Apple halts sales in Russia, takes rare stance

Apple halts sales in Russia, takes rare stance

Tuesday, Apple said it was suspending all product sales and limiting the functionality of some of its services in Russia in response to Russian President Vladimir Putin’s invasion of Ukraine. iPhones and other Apple products are currently not sold in Apple Stores in Russia, and Apple Pay and other services have been restricted.

The company also removed Russian news apps, including the app for Kremlin-backed news services Russia Today and Sputnik, from its App Stores in countries other than Russia and said it had disabled traffic patterns and live incident reporting in Apple Maps in Ukraine in an effort to deter tracking the movements of Ukrainians.

Apple is the latest tech company to take a clear stand against the invasion of Ukraine, which has so far caused the death of more than 130 civilians and hundreds of others injured, by cutting off or severely limiting access to its products. While Apple has focused on bans in Russia, other tech companies have removed support for Russian services in European countries. Microsoft removed Russian news apps of its global Microsoft app store, plans to deprioritize search results for the same news outlets on Bing and ban Russian state-sponsored ads. Google has blocked YouTube channels for RT and Sputnik in Europe, is block changes on Google Maps in the conflict zone and removes Russian state-funded publishers from Google News. And Facebook’s parent company, Meta, said it would. restrict access to RT and Sputnik in Europe.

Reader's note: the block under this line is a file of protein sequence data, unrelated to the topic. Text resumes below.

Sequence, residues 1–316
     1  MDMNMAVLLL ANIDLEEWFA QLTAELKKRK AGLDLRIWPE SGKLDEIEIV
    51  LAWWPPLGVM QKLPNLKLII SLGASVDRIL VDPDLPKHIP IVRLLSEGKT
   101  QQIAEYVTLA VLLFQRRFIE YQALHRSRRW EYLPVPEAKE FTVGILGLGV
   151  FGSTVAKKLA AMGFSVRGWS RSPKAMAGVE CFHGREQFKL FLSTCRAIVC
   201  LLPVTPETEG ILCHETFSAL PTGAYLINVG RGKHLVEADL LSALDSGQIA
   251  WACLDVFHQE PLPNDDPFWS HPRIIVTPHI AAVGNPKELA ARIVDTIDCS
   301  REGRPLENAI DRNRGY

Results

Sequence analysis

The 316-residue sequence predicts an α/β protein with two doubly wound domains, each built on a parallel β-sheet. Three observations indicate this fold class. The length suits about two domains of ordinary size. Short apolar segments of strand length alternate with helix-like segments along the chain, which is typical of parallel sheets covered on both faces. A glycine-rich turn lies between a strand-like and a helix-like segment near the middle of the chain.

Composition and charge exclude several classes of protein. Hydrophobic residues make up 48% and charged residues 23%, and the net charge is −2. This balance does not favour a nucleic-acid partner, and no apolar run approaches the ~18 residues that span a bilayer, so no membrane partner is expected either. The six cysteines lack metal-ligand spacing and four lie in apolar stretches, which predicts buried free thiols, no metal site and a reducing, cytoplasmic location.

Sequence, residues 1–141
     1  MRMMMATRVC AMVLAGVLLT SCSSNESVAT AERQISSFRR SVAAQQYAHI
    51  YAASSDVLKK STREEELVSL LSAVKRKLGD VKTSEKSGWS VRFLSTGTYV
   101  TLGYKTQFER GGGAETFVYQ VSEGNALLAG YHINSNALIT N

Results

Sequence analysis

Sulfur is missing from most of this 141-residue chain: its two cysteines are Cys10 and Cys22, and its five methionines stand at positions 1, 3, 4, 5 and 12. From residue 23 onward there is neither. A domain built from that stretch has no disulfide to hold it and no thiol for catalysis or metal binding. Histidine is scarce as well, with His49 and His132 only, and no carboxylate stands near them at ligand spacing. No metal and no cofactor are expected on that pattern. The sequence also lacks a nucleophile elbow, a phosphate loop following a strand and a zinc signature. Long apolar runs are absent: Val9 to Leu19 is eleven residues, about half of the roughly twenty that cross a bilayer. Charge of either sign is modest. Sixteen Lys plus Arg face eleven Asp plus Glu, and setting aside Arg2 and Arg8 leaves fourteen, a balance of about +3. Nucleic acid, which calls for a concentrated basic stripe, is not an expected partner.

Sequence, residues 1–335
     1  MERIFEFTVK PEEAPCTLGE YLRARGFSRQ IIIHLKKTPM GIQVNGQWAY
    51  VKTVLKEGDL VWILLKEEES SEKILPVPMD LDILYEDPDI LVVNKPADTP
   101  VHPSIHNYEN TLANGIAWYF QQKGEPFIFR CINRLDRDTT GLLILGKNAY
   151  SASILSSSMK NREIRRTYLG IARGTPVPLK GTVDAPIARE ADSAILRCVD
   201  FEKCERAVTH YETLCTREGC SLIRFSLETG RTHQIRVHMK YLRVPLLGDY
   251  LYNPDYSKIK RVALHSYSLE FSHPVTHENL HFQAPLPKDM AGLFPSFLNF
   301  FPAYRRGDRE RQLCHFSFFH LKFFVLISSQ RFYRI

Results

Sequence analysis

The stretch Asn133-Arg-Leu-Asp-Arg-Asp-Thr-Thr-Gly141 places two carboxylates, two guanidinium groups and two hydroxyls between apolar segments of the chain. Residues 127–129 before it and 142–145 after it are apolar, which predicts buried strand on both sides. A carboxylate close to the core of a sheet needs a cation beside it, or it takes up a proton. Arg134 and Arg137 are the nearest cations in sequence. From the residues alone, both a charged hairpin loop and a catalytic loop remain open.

However, Apple’s move is particularly notable given the high profile of its products and the outsized influence it wields as a leader in the tech industry. “Apple has a lot of power. And consumers are very dependent on their products,” says Neeru Paharia, an associate professor at Georgetown University’s McDonough School of Business, who studies consumer behavior, moral psychology and brand signaling. “And so cutting those products is meaningful.”

Apple’s actions are particularly significant given the criticism the company has recently faced for making concessions to foreign governments. Last year, Apple has relaxed some of its privacy policies in China to appease the authorities of that country.

Tyson Barker, program manager for technology and foreign policy at the German Council on Foreign Relations, said Apple’s decision to cut off access to its products in Russia is notable because the company has done well with Russian authorities lately.

“Apple has been under some of the pressure that was put on it before this very acute dispute,” Barker said, noting that last year Apple and Google removed jailed Kremlin critic Alexei Navalny’s voting app from their app stores. Last year, Apple also agreed to show an extra step during the installation process on iPhones sold in Russia, prompting users to download state-run apps.

In doing so, Apple compromised its “core company values,” Barker said. “The geopolitical environment was already becoming extremely hostile. And now this even more kinetic geopolitical overlay just makes it intolerable.